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PCR using SYBR Green® to detect PCR products and multiplex PCR: the multiple gene screens, single PCR test where the size of the amplicon identifies: genus, species, serotype, or strain. For real-time PCR, we can identify this problem by measuring the amplicon’s Tm from the DNA melting peak as stated earlier or run sample PCR on gel side-by-side with positive control to see any differences between the two in their size. Tweaking the PCR conditions to improve its stringency can sometimes eliminate these nonspecific amplicons. This can be done by empirically identify annealing temperature or MgCl2 concentration, that eliminates signal for our “false-positive” sample while not affecting the positive control. To increase the stringency of the PCR, one increases the annealing temperatures and/or lower the MgCl2 concentrations in the reaction mix. Another way we can improve the specificity of our PCR and reporting false positives, is to use PCR that incorporates internal: nested PCR primers (39); DNA: DNA hybridization or capture probes (28, 45); molecular beacon (37); or TaqMan probe (29). These PCRs have improved specificity because the internal capture or detection probes can distinguish between the real amplicon and nonspecific amplicons, by binding to the complementary sequence within the target amplicon during PCR or at DNA: DNA hybridization step. These internal probes also heighten the sensitivity of the PCR at least 100-fold (28, 45). False-Positives and Dead vs. Live Bacterial Cell Debate. Even when PCR is running optimally, there may not always be 100% agreement between PCR and culture. The reasons for false-positives are not completely understood. Several explanations have been offered and include: (1) the bacteria are in a viable, nonculturable state (61); (2) injury of the bacterial cells during food processing (52); or (3) the bacteria are dead (48). One can obtain variable culture results alone depending on: (1) whether to include a step(s) that allows for the recovery of injured cells (13, 33); (2) the type of enrichment broth (18) and culture conditions (12) used, or (3) the use of a delayed, secondary enrichment (72, 73) and may explain the disconnect sometimes observed between PCR and culture results. Depending on where samples are taken within the continuum of food processing steps, especially at Critical Control Point (CCP) designed to reduce or eliminate the pathogen, (e.g., heating), PCR may not be able to distinguish live, dead or damaged cells. In fact, we routinely boil bacteria or wash cells in ethanol to prepare template for PCR, conditions that readily and rapidly kill bacteria. Therefore, one may consider where and when to use PCR in assessing product contamination with pathogen X. For a process that readily ruptures or dissolves the bacterial cell, pre-DNAse treatment step can remove residual DNA carried over from dead, lysed cells (51). However, a significant proportion of heattreated cells remain intact, dead, and suitable as template for PCR (51). We still need to know whether CCP was effective at eliminating the pathogen or reducing it to an acceptably safe level. PCR still affords us the opportunity to identify the few cells still viable following CCP step, (e.g., pasteurization), by using RNA as the template. Unlike DNA, RNA has short-half life in the bacteria cell (34), as genes are turned on and off as the cell grows and responds to its environment.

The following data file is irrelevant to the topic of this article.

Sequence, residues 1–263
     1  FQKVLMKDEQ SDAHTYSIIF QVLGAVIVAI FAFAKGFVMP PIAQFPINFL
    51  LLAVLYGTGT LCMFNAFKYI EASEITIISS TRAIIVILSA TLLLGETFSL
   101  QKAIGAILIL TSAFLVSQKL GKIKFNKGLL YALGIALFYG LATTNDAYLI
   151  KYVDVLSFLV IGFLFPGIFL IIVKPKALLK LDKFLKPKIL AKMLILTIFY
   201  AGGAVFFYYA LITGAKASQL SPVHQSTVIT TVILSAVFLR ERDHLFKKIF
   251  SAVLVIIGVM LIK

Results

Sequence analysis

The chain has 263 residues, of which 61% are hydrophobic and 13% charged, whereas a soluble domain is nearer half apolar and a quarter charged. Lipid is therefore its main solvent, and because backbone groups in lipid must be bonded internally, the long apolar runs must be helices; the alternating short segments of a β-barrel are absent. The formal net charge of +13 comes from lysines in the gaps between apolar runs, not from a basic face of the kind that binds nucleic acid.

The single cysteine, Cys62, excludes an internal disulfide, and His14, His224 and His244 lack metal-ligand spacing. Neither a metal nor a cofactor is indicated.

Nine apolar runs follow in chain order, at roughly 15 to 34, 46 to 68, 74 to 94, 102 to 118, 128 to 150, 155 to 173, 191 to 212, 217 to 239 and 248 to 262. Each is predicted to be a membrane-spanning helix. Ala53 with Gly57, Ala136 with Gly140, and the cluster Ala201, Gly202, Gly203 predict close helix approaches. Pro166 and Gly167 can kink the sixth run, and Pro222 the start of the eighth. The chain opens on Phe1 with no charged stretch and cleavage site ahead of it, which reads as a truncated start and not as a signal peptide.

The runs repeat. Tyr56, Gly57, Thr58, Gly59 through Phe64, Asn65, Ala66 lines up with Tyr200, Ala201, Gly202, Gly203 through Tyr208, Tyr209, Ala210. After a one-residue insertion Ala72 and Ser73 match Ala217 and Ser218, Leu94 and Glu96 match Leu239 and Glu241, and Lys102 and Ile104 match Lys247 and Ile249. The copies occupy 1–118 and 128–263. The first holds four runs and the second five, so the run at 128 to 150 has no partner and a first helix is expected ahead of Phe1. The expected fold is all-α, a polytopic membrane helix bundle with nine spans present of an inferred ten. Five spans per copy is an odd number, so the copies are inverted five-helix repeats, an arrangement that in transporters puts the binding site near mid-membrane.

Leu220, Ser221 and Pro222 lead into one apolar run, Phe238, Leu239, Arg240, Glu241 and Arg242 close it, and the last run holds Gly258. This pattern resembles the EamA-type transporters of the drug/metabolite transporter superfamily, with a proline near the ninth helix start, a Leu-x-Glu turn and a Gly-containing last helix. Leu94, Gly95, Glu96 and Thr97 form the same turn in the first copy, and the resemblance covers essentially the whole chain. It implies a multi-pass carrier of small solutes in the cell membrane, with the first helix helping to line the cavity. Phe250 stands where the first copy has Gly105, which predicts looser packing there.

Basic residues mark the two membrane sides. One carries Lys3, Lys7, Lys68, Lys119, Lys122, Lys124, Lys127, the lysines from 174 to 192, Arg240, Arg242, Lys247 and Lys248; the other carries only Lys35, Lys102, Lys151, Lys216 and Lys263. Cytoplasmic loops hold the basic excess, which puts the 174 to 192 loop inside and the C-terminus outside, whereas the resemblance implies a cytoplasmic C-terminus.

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THE MYTHOLOGY OF PCR: A WARNING TO THE WISE